I Spy on the Farm
  • I Spy on the Farm
  • I Spy on the Farm

I Spy on the Farm

by Edward Gibbs
     
 

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Look through each eye-catching spy hole to spot a new farmyard animal!

Down on the farm there are many colorful and noisy animals to spy. Look through the spy hole and use the clues to guess which one is next. Then turn the page to reveal the animal. Watch as young children quickly become engaged in the game — joining in with the animal noises,

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Overview

Look through each eye-catching spy hole to spot a new farmyard animal!

Down on the farm there are many colorful and noisy animals to spy. Look through the spy hole and use the clues to guess which one is next. Then turn the page to reveal the animal. Watch as young children quickly become engaged in the game — joining in with the animal noises, learning colors, and eventually recognizing the letters.

Editorial Reviews

Children's Literature - Megan O’Neal
The “I Spy” books have been family favorites for many years. In this one, readers are invited to decode each drawing to discover which animals are on the farm and to use the clues on every page to guess the next animal. The illustrations are filled with bright colors and big animals and will captivate readers. All the designs on the pages have a fun watercolor appearance. There is a circle cut out at the end of the book so the readers can enjoy the game of “I Spy” with their family and friends. The circle is simply a hole that you can put your eye up to and look through. In this book the words and sentences are not poetic but straightforward. Despite the busy nature of the illustrations, readers will find them more stimulating than overwhelming. Reviewer: Megan O’Neal; Ages 2 to 6.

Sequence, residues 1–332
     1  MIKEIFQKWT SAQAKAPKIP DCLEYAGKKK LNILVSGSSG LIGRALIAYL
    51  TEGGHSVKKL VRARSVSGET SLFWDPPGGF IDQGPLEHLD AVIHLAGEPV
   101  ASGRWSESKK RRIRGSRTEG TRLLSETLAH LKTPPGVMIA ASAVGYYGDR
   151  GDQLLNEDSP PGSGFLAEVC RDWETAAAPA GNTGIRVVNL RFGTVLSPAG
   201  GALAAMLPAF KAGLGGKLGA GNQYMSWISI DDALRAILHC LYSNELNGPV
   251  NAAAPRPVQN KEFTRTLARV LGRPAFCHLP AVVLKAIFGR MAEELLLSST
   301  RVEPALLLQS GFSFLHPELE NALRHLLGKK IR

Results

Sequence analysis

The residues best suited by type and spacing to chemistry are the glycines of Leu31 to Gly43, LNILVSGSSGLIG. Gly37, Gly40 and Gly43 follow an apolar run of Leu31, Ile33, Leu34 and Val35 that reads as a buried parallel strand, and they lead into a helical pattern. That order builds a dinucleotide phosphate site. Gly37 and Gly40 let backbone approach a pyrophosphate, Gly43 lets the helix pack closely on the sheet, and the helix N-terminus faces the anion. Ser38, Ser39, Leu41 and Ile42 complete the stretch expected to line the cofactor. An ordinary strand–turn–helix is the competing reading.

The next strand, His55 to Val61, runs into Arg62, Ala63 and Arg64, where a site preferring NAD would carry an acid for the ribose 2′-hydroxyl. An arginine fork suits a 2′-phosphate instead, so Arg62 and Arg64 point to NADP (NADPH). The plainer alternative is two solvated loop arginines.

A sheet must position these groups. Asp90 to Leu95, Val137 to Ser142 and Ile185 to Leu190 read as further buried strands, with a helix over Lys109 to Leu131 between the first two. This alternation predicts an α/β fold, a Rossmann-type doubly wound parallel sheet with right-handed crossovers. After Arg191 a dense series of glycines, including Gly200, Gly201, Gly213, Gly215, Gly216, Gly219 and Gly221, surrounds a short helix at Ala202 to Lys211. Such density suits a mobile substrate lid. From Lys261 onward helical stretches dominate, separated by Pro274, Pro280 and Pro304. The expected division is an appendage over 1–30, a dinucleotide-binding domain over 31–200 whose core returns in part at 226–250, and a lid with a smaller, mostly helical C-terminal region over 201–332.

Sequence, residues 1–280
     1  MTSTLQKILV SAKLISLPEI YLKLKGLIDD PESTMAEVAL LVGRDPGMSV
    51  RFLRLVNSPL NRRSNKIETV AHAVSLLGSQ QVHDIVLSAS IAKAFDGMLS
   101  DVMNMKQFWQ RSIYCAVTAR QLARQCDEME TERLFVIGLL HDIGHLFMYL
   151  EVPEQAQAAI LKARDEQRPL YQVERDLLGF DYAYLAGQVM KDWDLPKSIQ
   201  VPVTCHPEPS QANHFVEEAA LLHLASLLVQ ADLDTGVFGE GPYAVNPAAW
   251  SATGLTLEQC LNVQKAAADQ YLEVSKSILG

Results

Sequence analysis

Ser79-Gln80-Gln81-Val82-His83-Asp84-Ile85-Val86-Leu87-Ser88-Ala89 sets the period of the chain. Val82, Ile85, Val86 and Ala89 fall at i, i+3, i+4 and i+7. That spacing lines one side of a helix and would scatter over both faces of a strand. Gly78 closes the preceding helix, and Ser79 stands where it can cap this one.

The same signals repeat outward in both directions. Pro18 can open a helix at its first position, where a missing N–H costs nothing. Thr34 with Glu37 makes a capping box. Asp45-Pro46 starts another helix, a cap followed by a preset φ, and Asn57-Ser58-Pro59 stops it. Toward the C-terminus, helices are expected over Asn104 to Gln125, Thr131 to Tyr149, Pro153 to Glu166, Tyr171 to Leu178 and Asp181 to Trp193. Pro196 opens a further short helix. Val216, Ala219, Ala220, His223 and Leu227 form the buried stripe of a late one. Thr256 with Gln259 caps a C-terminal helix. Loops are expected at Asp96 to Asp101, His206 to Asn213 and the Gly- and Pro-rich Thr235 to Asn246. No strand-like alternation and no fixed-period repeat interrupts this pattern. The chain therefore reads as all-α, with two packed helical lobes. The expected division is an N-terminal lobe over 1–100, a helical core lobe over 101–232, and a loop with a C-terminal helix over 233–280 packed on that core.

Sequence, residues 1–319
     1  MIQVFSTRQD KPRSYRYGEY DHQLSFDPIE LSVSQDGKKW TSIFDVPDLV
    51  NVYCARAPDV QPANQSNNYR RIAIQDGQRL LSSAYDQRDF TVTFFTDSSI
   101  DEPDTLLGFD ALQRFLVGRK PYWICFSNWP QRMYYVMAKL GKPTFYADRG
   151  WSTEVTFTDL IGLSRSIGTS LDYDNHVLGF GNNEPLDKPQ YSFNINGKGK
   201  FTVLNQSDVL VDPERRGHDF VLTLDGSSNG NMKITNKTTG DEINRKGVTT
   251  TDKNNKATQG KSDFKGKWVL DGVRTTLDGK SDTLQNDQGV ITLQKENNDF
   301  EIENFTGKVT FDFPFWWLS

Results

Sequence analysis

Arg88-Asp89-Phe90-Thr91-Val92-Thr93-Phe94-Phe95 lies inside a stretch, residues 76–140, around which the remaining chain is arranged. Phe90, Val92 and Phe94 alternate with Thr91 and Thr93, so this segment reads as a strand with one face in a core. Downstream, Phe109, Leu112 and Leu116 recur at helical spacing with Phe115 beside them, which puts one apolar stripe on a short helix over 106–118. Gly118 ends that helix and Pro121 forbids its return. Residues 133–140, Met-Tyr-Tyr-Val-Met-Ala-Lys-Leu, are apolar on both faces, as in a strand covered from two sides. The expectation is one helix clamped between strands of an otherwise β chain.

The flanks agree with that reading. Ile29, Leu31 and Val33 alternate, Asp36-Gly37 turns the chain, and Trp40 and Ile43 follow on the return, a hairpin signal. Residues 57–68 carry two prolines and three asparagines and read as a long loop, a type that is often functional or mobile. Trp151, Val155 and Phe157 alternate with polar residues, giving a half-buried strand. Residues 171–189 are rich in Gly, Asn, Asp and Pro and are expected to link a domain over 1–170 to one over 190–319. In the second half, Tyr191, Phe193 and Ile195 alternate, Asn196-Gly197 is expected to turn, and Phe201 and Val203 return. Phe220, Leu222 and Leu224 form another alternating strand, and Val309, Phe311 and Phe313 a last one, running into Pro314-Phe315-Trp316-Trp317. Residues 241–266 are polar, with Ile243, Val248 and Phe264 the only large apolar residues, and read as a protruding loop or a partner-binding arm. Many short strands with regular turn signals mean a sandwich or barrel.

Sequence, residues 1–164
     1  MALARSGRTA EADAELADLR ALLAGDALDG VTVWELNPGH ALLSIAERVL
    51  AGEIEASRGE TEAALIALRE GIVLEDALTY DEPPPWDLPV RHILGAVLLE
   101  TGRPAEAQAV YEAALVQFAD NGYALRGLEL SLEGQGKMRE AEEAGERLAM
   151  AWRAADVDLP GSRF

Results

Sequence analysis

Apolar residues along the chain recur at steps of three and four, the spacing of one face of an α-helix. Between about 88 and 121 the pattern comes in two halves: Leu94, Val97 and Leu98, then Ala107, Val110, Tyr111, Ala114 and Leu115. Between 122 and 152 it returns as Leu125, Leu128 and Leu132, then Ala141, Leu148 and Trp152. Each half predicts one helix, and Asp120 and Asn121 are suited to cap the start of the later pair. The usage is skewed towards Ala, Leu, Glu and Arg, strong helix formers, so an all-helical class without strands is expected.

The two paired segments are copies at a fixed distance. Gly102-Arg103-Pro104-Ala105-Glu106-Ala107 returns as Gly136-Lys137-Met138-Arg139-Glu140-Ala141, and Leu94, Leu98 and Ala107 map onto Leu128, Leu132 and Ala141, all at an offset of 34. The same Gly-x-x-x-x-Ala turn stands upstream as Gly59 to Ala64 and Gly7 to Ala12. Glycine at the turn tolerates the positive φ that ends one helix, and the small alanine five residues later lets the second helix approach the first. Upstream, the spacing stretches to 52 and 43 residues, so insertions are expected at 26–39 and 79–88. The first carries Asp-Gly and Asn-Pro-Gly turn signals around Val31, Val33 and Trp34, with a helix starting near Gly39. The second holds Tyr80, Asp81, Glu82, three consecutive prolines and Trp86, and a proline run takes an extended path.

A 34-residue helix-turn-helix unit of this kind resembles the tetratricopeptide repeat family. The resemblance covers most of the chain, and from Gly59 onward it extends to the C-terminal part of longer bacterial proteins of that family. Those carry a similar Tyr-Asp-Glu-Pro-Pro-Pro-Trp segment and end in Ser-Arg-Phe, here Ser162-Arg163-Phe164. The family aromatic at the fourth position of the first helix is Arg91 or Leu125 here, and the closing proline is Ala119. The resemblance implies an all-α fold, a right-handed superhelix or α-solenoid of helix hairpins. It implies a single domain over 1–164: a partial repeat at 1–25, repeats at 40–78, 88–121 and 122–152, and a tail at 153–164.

School Library Journal
PreS-K—There is nothing that makes this title stand out. Die-cut holes offer hints about which animal appears on the following spread. "I spy…something white that begins with an L. Baaa, baaa!" The digital illustrations appear sketchy and careless, the background of each scene has a generic look, and the whole package has the feel of having been put together with little effort, perhaps capitalizing on the success of Gibbs's I Spy with My Little Eye (Candlewick/Templar, 2011).—Heidi Estrin, Congregation B'nai Israel, Boca Raton, FL
Kirkus Reviews
Gibbs brings a new guessing game (I Spy with My Little Eye, 2011; I Spy Under the Sea, 2012) to the youngest set. Colors, which are an essential part of the original I Spy children's game, are once again the focus of this clever die-cut formula. But this time Gibbs removes the factual clues and gives only animal sounds as hints instead. Farm animals, no less. Preschoolers everywhere are cheering. Each spread begins with the inevitable "I spy with my little eye…" and concludes with a colorful hint about a favorite barnyard friend. However, Gibbs does sneak in some letter recognition and phonemic play as well. The clue for the first animal reads: "something yellow that begins with a D." It is likely that the watery pond background and the speech bubble loudly proclaiming, "Quack, quack!" will be all the clues a youngster needs, but reinforcing the d sound adds a welcome level of early childhood learning. Gibbs' vibrant illustrations (the fiery rooster is particularly bold) and expressive eyes make this effort all the more fun. A format that engages, entertains and delights--for the third time in a row. Let's hope for more. (Picture book. 2-5)

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Product Details

ISBN-13:
9780763664312
Publisher:
Candlewick Press
Publication date:
02/26/2013
Pages:
32
Sales rank:
546,942
Product dimensions:
9.32(w) x 10.90(h) x 0.45(d)
Age Range:
2 - 5 Years

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